First, third, fourth, fifth, sixth, seventh, eighth, and ninth authors: Graduate School of Frontier Sciences, The University of Tokyo, Bunkyoku, Tokyo; and second author: National Institute of Agro-Environmental Sciences, Tsukuba, Ibaragi, Japan
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Accepted 26 July 2001.
Two lines of onion yellows phytoplasma producing milder symptoms were isolated from the original line (OY-W). One has an additional characteristic, non-insect-transmissibility (OY-NIM), compared with the other (OY-M). OY-M was established after maintaining OY-W for 11 years on a plant host (Chrysanthemum coronarium) with an insect vector (Macrosteles striifrons), and OY-NIM was isolated after subsequent maintenance of OY-M in plants by periodic grafting. Polymerase chain analysis suggested that OY-NIM cannot traverse the gut or survive in the hemolymph of the leafhopper. OY-W results in witches'-broom formation and stunted growth in the host plant. In contrast, OY-M and OY-NIM do not cause stunting in the host plant, although they result in witches'-broom. Histopathological analysis of these lines revealed that the hyperplastic phloem tissue and severe phloem necrosis seen in OY-W did not exist in OY-M and OY-NIM. This was attributed to a reduction in the population of phytoplasma in tissues in both OY-M- and OY-NIM-infected plants. The results suggest that the cause of stunting and phloem hyperplasia may be genetically different from the cause of witches'-broom. Pulsed field gel electrophoresis analysis showed that OY-M had a smaller genome size (≈870 kbp) than OY-W (≈1,000 kbp). Thus, some of the OY-W genes responsible for pathogenicity may not be present in OY-M.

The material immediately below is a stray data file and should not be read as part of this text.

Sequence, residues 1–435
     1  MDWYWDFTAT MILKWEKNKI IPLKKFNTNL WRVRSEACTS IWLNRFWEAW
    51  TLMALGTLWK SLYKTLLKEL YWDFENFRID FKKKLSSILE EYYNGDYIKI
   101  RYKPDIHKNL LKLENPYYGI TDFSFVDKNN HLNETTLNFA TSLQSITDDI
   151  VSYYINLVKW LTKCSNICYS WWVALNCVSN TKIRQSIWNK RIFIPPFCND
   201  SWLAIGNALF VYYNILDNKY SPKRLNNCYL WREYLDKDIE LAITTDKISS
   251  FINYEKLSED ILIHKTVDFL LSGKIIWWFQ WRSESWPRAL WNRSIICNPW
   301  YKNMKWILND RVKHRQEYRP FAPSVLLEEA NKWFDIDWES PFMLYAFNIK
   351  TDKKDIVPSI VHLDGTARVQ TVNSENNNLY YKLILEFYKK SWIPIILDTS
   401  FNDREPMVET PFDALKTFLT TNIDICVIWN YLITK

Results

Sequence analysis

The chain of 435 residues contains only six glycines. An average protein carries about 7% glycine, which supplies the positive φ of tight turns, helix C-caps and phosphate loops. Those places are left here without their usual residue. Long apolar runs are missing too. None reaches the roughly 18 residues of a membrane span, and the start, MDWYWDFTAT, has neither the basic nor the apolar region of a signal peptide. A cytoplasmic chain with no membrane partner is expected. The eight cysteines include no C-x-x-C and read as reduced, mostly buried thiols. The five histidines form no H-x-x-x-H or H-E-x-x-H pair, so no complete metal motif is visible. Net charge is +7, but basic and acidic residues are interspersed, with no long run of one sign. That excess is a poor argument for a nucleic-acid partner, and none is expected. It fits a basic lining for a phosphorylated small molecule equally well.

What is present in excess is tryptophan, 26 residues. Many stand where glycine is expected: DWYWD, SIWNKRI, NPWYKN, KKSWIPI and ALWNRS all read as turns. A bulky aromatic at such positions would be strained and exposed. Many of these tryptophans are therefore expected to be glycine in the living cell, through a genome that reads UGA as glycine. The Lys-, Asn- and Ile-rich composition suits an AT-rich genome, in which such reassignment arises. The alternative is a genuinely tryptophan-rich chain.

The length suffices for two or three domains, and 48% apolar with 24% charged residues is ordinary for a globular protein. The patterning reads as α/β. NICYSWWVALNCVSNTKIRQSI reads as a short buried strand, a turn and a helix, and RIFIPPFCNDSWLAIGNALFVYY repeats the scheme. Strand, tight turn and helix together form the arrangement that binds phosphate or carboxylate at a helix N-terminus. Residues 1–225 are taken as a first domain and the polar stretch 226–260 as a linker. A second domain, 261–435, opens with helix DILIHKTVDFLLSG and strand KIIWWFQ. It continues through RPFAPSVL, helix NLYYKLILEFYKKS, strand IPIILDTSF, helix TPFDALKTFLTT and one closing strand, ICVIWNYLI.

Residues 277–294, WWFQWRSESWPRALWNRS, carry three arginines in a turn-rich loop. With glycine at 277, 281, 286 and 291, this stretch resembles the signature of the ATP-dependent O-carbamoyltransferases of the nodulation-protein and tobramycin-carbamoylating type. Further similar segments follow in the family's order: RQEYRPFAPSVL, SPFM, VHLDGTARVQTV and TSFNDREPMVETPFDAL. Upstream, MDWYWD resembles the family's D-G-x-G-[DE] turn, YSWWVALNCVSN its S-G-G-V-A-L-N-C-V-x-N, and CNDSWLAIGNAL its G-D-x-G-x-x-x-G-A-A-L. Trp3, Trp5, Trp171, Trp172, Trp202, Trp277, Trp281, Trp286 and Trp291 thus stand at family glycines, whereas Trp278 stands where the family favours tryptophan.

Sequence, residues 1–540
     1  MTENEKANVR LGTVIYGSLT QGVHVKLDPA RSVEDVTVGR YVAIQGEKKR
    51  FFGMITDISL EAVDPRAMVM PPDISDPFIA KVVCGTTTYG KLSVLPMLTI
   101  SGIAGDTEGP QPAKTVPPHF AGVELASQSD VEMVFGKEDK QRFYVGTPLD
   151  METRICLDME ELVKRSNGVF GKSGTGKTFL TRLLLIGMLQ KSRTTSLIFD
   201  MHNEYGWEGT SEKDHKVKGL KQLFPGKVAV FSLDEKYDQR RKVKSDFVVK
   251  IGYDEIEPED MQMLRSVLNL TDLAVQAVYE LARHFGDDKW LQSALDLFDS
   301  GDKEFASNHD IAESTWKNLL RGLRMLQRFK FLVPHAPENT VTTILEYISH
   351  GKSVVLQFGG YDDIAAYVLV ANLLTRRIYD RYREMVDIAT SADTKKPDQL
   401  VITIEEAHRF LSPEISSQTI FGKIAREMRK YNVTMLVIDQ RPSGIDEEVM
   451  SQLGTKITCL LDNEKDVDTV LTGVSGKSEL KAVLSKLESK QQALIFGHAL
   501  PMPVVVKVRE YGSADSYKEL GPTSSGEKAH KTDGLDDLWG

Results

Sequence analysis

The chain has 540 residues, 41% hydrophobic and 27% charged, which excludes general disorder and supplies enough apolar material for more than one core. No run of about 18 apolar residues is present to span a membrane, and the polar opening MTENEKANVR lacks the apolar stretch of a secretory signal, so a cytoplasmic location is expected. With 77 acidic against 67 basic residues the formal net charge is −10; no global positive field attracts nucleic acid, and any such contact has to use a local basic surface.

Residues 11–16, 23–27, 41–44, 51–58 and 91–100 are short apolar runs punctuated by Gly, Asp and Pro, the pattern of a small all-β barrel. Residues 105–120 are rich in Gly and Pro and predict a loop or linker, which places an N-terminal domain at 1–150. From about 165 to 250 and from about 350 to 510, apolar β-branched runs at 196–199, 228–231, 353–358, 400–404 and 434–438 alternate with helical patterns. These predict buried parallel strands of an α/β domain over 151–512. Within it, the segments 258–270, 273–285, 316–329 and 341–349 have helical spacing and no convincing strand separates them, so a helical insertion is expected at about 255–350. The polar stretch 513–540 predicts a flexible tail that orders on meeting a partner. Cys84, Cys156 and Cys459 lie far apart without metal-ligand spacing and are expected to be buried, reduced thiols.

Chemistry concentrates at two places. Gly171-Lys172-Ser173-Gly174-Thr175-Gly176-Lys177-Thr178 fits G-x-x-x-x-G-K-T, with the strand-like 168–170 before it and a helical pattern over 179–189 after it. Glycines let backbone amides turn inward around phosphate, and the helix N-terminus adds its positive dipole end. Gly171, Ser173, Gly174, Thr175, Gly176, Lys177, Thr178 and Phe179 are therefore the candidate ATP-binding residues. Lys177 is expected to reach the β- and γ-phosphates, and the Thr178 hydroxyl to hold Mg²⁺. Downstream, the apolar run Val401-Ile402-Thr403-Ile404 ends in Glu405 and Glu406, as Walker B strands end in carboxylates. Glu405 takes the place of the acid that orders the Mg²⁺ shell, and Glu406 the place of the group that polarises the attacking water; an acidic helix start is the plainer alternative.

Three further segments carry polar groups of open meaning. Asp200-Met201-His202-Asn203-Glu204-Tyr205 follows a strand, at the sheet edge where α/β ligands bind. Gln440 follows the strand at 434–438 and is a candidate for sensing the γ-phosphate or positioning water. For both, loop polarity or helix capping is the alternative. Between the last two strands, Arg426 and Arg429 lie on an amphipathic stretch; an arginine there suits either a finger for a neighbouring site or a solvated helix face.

© 2001 The American Phytopathological Society